Earnouts are frequently payments based on a formula connected to the company’s future profits, typically spread over three years based on EBITDA or other recognized indicators. The question of how these future sums should be taxed on the person selling shares after the contract for sale is finalized arises since the amounts that be paid out are unpredictable. We are more concerned with the timing of the unconditional contract for sale than payment dates, which are mostly irrelevant when determining the tax point for CGT.
If all of the deferred consideration was known at the time of the contract, then the sale consideration is just the total value of the transaction, regardless of when those future payments are made. If the additional payments are made for a longer period than 18 months from the date of disposal, HMRC permits the CGT liability to be paid in instalments.
How, then, do you handle earnouts whose future amounts are uncertain? This was taken into account in the Marren v. Ingles case before the House of Lords, where a future payment was conditional upon the company going public on the Stock Exchange within a certain period. It was impossible to predict the stock’s future price or, consequently, the earnout sum.
The problem was resolved by treating the uncertain right to the earnout as a “chose in action”—a legal asset whose estimated value was treated as part of the consideration at the time of sale—and disposing of the right in exchange for the listed shares when the company did list.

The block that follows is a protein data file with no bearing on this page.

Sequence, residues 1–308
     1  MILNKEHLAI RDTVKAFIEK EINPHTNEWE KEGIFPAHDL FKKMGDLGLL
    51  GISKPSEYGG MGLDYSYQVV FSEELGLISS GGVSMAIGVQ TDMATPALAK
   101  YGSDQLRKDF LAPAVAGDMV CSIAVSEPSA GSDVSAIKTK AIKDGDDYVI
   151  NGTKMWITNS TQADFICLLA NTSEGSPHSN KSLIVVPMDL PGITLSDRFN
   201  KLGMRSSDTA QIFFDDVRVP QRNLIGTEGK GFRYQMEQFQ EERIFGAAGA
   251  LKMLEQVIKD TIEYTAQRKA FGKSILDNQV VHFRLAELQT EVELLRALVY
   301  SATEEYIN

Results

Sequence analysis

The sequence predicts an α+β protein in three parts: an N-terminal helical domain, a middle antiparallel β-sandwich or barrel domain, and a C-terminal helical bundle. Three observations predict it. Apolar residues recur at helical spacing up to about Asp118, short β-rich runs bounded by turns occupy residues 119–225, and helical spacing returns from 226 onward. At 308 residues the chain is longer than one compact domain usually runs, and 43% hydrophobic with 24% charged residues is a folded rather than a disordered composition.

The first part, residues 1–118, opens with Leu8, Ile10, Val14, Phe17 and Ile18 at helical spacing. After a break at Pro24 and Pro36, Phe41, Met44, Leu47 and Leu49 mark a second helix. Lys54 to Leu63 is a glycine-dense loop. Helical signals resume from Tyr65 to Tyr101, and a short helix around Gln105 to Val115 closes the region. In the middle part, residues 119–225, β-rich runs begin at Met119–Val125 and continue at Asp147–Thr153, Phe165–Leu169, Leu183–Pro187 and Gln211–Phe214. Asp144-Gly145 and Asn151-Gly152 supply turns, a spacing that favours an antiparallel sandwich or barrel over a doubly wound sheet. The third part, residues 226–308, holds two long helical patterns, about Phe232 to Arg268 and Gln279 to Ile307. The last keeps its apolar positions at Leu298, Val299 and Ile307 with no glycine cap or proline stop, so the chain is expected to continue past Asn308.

While the subsequent disposal of the “asset” is not eligible for the same relief, the initial selling of the shares may qualify for business asset disposal relief (BADR). However, any extra loss will be wasted if a carry back is chosen; therefore, it could be preferable to forego one altogether. Any loss on the sale of the asset can be carried back and offset against prior gains on the shares.
When the earnout “asset” is entirely future cash, a capital gain on the value of the earnout results in a “dry” CGT charge, meaning the vendor has no cash on hand to pay the tax. The solution to this issue is to make sure that the earnout is entirely satisfied by shares or loan notes, in which case the ‘asset’ is viewed as a deemed non-QCB instrument and gain is postponed due to the application of paper-paper rules. If there is a chance of losing BADR relief on the ensuing sale or redemption of the new securities, an option to disapply rules and consider it as a chargeable disposal may be made.
The loan notes may be corporate bonds that qualify or do not qualify (QCB or Non-QCB). When loan notes are exchanged for non-QCBs, they are classified as shares and the gain is postponed until the non-QCB loan note is sold or redeemed. Loan notes are non-QCBs if they are convertible or redeemable in a foreign currency and are handled as shares.
Since QCBs are not considered shares, a gain will result from the exchange of the earnout ‘asset’ for QCBs; however, this gain will not materialize until the QCBs are sold or redeemed.
As it is doubtful that the acquiring company will be the seller’s own company, BADR would typically not be an option when the loan notes are redeemed.
HMRC provides the option to spread the CGT payment over eight years or the actual deal term, whichever is shorter when the entire transaction is anticipated to take longer than 18 months. Legal paperwork is crucial since HMRC views this type of transaction as an employment-related securities transaction; if the earn-out shares or loan notes are obtained due to employment or potential employment, the earn-out right is chargeable to income tax.